(CNN) -- Iran threatened a tit-for-tat response Tuesday after Bahrain declared an Iranian embassy official in Manama persona non grata and gave him 72 hours to leave the country.
On Monday, Bahrain ordered Hujatullah Rahmani, the second secretary in the Iranian embassy, to leave because of his alleged links to a Kuwaiti spy ring, the Bahrain News Agency said.
Bahrain also said Iran should stop its "irresponsible behavior" and not interfere in the country's internal affairs, the news agency said.
Iran's Foreign Ministry spokesman Ramin Mehmanparast responded Tuesday, saying Bahrain's actions are "not based on realities."
The spokesman said Iran reserved the right to take retaliatory measures against Bahrain, Iran's state-run Press TV said.
Relations between the two countries have been tense in recent months as Bahrain contends with an anti-government movement that it said is being fueled by Tehran.
Young members of the country's Shiite Muslim majority have staged protests to complain about discrimination, unemployment and corruption -- issues they say the country's Sunni rulers have done little to address.
In a confidential report to the United Nations this week, Bahrain said the Iranian-backed militant group Hezbollah has been training opposition figures at its camps in Lebanon and Iran in an effort to destabilize the country's ruling family.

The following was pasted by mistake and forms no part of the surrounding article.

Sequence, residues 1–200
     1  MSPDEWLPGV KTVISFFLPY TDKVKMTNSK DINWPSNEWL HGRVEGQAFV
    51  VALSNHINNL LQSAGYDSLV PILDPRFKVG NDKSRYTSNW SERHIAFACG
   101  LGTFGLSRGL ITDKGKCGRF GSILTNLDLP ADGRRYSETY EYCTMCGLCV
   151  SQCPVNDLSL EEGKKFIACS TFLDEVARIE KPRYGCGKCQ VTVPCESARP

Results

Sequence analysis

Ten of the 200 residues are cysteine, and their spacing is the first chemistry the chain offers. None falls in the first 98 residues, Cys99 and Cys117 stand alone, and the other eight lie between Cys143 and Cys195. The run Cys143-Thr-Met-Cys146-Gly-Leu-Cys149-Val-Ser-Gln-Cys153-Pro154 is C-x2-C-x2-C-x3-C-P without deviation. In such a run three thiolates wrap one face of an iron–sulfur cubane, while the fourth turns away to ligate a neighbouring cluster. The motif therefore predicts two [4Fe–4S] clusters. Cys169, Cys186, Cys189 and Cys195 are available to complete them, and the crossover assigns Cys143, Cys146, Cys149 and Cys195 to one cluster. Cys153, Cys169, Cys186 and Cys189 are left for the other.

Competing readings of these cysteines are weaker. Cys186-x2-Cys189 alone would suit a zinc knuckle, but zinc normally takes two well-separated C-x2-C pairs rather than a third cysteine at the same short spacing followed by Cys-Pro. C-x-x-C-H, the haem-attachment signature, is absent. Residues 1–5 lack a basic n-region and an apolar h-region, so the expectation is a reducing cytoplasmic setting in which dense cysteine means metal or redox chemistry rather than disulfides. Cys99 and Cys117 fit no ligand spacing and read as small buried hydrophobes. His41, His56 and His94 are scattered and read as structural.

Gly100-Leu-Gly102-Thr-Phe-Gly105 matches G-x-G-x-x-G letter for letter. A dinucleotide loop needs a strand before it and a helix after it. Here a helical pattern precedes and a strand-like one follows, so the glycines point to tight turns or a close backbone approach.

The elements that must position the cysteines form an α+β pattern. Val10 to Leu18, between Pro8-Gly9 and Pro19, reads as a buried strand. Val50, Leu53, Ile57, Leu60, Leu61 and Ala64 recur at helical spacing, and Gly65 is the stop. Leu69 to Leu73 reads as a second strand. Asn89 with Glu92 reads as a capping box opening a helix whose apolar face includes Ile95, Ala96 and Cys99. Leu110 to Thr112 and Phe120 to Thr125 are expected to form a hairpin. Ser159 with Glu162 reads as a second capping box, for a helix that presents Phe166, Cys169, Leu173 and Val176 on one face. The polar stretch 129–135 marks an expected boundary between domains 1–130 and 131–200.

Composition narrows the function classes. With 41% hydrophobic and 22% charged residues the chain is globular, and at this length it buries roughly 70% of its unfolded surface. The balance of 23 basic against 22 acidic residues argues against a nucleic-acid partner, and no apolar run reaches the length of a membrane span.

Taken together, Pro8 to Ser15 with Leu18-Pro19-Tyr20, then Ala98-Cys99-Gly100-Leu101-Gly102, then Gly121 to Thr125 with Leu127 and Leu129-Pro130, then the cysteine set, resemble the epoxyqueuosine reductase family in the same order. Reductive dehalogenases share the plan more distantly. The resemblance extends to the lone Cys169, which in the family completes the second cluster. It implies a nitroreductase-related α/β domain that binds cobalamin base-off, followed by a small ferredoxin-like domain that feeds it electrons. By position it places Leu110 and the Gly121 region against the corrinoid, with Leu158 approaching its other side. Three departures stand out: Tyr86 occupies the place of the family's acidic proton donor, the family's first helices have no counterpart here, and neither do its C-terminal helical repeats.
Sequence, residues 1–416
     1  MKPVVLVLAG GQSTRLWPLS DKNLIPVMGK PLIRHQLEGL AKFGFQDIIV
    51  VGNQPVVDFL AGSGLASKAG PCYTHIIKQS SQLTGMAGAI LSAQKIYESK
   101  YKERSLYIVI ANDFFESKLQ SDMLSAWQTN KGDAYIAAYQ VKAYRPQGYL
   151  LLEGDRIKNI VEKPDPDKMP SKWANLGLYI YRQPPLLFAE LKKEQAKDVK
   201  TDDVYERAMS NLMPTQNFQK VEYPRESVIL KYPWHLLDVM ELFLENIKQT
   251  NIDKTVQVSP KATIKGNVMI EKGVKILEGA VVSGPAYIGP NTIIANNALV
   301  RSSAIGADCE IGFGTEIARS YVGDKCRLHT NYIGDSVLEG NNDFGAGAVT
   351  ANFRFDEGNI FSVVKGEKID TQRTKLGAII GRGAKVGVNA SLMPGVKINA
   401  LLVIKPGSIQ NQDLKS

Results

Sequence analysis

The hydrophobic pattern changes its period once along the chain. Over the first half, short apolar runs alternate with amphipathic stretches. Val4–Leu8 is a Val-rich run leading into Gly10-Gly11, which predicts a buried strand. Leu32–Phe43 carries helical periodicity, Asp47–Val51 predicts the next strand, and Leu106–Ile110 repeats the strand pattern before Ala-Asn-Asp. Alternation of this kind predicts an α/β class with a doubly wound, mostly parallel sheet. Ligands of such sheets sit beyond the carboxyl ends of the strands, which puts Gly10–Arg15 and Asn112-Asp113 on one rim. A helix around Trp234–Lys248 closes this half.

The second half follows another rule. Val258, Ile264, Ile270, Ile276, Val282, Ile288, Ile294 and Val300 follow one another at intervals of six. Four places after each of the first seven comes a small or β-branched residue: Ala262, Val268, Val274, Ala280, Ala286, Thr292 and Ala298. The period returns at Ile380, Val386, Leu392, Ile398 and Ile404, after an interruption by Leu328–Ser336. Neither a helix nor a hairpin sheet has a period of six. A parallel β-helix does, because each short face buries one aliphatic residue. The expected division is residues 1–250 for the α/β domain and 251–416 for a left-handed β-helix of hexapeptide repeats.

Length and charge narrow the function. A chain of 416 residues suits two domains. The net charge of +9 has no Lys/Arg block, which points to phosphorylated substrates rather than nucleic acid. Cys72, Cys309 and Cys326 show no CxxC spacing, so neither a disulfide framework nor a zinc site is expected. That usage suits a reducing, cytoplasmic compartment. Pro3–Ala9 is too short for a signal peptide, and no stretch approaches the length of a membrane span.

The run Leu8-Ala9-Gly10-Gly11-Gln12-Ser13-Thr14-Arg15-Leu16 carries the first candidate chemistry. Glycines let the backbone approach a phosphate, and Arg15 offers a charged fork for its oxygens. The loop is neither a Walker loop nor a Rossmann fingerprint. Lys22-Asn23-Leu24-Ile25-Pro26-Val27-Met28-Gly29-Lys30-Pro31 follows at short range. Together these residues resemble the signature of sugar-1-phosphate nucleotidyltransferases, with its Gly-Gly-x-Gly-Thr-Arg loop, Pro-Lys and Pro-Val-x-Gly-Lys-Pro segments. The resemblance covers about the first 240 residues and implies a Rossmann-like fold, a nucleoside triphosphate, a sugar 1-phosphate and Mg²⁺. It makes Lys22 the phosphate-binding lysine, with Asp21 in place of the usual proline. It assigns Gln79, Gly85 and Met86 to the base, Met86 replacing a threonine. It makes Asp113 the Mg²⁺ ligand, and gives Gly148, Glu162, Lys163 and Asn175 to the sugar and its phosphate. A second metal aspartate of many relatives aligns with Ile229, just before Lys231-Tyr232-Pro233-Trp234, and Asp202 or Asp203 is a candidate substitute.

Both Iran and Hezbollah have previously denied involvement.
At the same time, Iran is also ensnared in a diplomatic tiff with Kuwait about the alleged spy ring.
A few weeks ago, Kuwait expelled three Iranian diplomats, claiming they were linked to a spy network operating out of the Iranian embassy in Kuwait City.
Kuwait claimed the alleged network aimed at gathering information about U.S. military facilities in Kuwait, according to a Press TV report.
Iran retaliated by expelling three Kuwait diplomats.
It also denied their diplomats were involved in spying, suggesting it was a U.S. plot intended to gain support for "the current crackdown on popular movements in the region," Press TV said.
The United States has operated military bases in Kuwait since American troops arrived there in 1991 in the battle to drive Saddam Hussein's invading Iraqi troops from the region.
CNN's Jenifer Fenton contributed to this report.